- H. Q. Xiong, A. Rosenberg, A. LoBuglio et al., “Cetuximab, a monoclonal antibody targeting the epidermal growth factor receptor, in combination with gemcitabine for advanced pancreatic cancer: a multicenter phase II trial,” Journal of Clinical Oncology, vol. 22, no. 13, pp. 2610–2616, 2004.
- P. A. Philip, J. Benedetti, C. L. Corless et al., “Phase III study comparing gemcitabine plus cetuximab versus gemcitabine in patients with advanced pancreatic adenocarcinoma: Southwest oncology group-directed intergroup trial S0205,” Journal of Clinical Oncology, vol. 28, no. 22, pp. 3605–3610, 2010.
- G. P. Kim, N. R. Foster, M. Salim et al., “Randomized phase II trial of panitumumab, erlotinib, and gemcitabine (PGE) versus erlotinib-gemcitabine (GE) in patients with untreated, metastatic pancreatic adenocarcinoma,” Journal of Clinical Oncology, vol. 29, supplement, abstract no. 4030, 2011.
- Y. Seo, H. Baba, T. Fukuda, M. Takashima, and K. Sugimachi, “High expression of vascular endothelial growth factor is associated with liver metastasis and a poor prognosis for patients with ductal pancreatic adenocarcinoma,” Cancer, vol. 88, no. 10, pp. 2239–2245, 2000.
- H. L. Kindler, D. Niedzwiecki, D. Hollis et al., “Gemcitabine plus bevacizumab compared with gemcitabine plus placebo in patients with advanced pancreatic cancer: phase III trial of the cancer and leukemia group B (CALGB 80303),” Journal of Clinical Oncology, vol. 28, no. 22, pp. 3617–3622, 2010.
- E. van Cutsem, W. L. Vervenne, J. Bennouna et al., “Phase III trial of bevacizumab in combination with gemcitabine and erlotinib in patients with metastatic pancreatic cancer,” Journal of Clinical Oncology, vol. 27, no. 13, pp. 2231–2237, 2009.
- H. L. Kindler, T. Ioka, D. J. Richel et al., “Axitinib plus gemcitabine versus placebo plus gemcitabine in patients with advanced pancreatic adenocarcinoma: a double-blind randomised phase 3 study,” The Lancet Oncology, vol. 12, no. 3, pp. 256–262, 2011.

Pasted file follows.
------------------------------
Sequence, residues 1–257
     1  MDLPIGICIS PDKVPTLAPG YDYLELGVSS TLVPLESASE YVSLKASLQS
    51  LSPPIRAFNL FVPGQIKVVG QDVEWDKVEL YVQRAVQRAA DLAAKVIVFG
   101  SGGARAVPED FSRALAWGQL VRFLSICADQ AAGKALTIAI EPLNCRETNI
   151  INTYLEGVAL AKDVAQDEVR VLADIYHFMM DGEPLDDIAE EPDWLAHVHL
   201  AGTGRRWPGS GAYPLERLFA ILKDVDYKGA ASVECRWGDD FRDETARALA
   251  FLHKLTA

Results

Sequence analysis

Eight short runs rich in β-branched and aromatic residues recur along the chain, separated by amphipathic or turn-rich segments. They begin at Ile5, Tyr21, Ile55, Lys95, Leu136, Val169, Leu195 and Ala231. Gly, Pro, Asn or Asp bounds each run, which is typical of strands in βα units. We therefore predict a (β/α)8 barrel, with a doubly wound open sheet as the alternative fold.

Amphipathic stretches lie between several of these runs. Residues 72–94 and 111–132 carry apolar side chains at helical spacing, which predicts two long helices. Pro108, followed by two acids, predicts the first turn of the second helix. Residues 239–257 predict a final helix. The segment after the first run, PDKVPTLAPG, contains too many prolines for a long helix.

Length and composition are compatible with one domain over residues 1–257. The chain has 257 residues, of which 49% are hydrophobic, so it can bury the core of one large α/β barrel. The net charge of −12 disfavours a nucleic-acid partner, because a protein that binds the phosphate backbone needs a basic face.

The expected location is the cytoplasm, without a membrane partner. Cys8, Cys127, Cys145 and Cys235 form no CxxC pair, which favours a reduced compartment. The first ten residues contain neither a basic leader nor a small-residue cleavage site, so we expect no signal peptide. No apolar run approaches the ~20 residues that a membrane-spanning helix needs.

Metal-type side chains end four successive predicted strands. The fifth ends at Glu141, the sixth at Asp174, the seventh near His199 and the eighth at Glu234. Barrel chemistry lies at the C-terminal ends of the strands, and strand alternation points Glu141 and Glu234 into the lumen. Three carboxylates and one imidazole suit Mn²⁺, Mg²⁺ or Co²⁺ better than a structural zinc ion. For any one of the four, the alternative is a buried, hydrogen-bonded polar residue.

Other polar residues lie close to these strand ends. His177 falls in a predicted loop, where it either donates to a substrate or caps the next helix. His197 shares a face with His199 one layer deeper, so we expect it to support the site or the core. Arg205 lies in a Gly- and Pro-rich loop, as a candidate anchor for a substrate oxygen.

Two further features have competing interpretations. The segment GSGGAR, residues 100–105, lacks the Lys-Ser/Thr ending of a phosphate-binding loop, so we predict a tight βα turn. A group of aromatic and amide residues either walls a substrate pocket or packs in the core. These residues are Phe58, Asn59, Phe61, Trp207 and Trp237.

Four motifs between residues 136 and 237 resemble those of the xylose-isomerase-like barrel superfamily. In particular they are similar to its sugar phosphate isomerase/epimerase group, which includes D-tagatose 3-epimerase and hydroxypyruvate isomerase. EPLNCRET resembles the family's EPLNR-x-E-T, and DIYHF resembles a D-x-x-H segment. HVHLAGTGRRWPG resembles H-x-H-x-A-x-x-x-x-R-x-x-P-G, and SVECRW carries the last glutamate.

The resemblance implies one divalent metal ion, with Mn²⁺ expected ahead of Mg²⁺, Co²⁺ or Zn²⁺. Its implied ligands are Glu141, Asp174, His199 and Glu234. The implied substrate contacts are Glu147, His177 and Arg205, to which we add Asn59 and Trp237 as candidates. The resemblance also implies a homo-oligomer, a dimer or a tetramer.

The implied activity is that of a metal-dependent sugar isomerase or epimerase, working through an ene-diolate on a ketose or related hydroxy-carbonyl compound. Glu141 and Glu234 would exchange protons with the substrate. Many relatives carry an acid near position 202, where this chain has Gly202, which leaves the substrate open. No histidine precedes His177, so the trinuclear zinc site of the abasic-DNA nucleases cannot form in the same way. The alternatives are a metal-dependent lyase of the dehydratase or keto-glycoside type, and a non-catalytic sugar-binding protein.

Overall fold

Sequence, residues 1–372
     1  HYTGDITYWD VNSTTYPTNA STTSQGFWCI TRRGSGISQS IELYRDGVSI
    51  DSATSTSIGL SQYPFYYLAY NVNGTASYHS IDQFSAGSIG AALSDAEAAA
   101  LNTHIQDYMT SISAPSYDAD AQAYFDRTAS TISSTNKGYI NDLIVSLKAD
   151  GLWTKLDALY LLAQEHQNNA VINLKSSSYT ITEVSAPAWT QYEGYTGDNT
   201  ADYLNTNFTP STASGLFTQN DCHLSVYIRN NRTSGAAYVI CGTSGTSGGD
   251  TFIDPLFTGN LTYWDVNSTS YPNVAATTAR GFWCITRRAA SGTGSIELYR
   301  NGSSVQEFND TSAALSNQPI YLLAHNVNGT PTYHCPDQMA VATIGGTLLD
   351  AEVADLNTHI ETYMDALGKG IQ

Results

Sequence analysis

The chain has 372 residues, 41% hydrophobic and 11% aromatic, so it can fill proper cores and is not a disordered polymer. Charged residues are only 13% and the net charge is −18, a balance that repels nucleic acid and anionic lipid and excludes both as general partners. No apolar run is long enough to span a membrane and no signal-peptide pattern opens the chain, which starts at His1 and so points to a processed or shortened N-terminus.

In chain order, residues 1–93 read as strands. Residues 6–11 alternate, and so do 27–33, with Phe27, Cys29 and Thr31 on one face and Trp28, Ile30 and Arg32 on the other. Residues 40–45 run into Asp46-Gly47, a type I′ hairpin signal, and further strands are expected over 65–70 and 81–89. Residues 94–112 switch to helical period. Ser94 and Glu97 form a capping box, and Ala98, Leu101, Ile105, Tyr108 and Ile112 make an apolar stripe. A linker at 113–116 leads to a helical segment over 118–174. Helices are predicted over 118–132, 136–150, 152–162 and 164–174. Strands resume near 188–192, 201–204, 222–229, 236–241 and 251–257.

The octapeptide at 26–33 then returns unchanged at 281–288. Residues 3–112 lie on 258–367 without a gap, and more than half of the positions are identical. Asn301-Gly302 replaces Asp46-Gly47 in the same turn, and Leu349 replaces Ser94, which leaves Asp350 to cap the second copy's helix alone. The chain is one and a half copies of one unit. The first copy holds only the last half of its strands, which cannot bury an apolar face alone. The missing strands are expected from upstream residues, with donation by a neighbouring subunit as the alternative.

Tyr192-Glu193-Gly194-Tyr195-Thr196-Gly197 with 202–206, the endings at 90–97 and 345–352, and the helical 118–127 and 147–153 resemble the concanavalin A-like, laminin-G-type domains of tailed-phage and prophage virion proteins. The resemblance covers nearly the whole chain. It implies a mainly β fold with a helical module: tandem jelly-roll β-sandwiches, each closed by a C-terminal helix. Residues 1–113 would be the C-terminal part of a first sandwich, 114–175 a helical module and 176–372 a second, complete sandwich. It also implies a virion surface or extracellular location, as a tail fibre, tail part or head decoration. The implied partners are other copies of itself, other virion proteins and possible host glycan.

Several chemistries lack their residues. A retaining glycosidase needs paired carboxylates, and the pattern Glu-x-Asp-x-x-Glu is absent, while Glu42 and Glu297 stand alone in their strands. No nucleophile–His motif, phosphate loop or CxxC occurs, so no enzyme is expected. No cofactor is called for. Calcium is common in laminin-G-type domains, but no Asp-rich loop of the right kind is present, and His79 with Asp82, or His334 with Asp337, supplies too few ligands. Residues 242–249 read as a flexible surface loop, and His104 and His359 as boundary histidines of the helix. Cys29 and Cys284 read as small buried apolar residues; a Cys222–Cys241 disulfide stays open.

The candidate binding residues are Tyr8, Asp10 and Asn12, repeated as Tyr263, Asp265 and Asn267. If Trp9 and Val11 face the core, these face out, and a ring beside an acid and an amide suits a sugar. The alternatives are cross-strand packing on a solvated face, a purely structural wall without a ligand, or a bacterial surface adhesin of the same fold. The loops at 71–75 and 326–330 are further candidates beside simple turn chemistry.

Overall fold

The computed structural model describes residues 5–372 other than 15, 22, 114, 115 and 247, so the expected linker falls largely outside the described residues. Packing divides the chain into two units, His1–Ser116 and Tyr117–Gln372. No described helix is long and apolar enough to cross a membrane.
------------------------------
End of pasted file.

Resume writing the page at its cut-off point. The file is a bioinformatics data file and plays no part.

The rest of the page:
- H. Riess, et al., “Double-blind, placebo-controlled randomized phase III trial of aflibercept (A) plus gemcitabine (G) versus placebo (P) plus gemcitabine (G) in patients with metastatic pancreatic cancer: final results,” in Proceedings of the European Society for Medical Oncology's 12th World Congress on Gastrointestinal Cancer, Barcelona, Spain, 2010.
- A. Goncalves, M. Gilabert, E. François, et al., “BAYPAN study: a double-blind phase III randomized trial comparing gemcitabine plus sorafenib and gemcitabine plus placebo in patients with advanced pancreatic cancer,” Annals of Oncology, vol. 23, no. 11, pp. 2799–2805, 2012.
- M. Erkan, C. Reiser-Erkan, C. W. Michalski, and J. Kleeff, “Tumor microenvironment and progression of pancreatic cancer,” Experimental Oncology, vol. 32, no. 3, pp. 128–131, 2010.
- D. D. Von Hoff, R. K. Ramanathan, M. J. Borad, et al., “Gemcitabine plus nab-paclitaxel is an active regimen in patients with advanced pancreatic cancer: a phase I/II trial,” Journal of Clinical Oncology, vol. 29, no. 34, pp. 4548–4554, 2011.
- U. Bergmann, H. Funatomi, M. Yokoyama, H. G. Beger, and M. Korc, “Insulin-like growth factor I overexpression in human pancreatic cancer: evidence for autocrine and paracrine roles,” Cancer Research, vol. 55, no. 10, pp. 2007–2011, 1995.
- J. W. Freeman, C. A. Mattingly, and W. E. Strodel, “Increased tumorigenicity in the human pancreatic cell line MIA PaCa-2 is associated with an aberrant regulation of an IGF-1 autocrine loop and lack of expression of the TGF-β type RII receptor,” Journal of Cellular Physiology, vol. 165, no. 1, pp. 155–163, 1995.
- B. A. Hanks, A. Holtzhausen, P. Gimpel, et al., “Effect of the loss of the type III TGFβ receptor during tumor progression on tumor microenvironment: preclinical development of TGFβ inhibition and TGFβ-related biomarkers to enhance immunotherapy efficacy,” Journal of Clinical Oncology, vol. 30, supplement, abstract no. 10563, 2012.
- H. S. Wasan, G. M. Springett, C. Chodkiewicz et al., “CA 19-9 as a biomarker in advanced pancreatic cancer patients randomised to gemcitabine plus axitinib or gemcitabine alone,” British Journal of Cancer, vol. 101, no. 7, pp. 1162–1167, 2009.
- J. García-Manteiga, M. Molina-Arcas, F. J. Casado, A. Mazo, and M. Pastor-Anglada, “Nucleoside transporter profiles in human pancreatic cancer cells: role of hCNT1 in 2′,2′-difluorodeoxycytidine-induced cytotoxicity,” Clinical Cancer Research, vol. 9, no. 13, pp. 5000–5008, 2003.
- E. Giovannetti, M. del Tacca, V. Mey et al., “Transcription analysis of human equilibrative nucleoside transporter-1 predicts survival in pancreas cancer patients treated with gemcitabine,” Cancer Research, vol. 66, no. 7, pp. 3928–3935, 2006.
- Y. Nakano, S. Tanno, K. Koizumi et al., “Gemcitabine chemoresistance and molecular markers associated with gemcitabine transport and metabolism in human pancreatic cancer cells,” British Journal of Cancer, vol. 96, no. 3, pp. 457–463, 2007.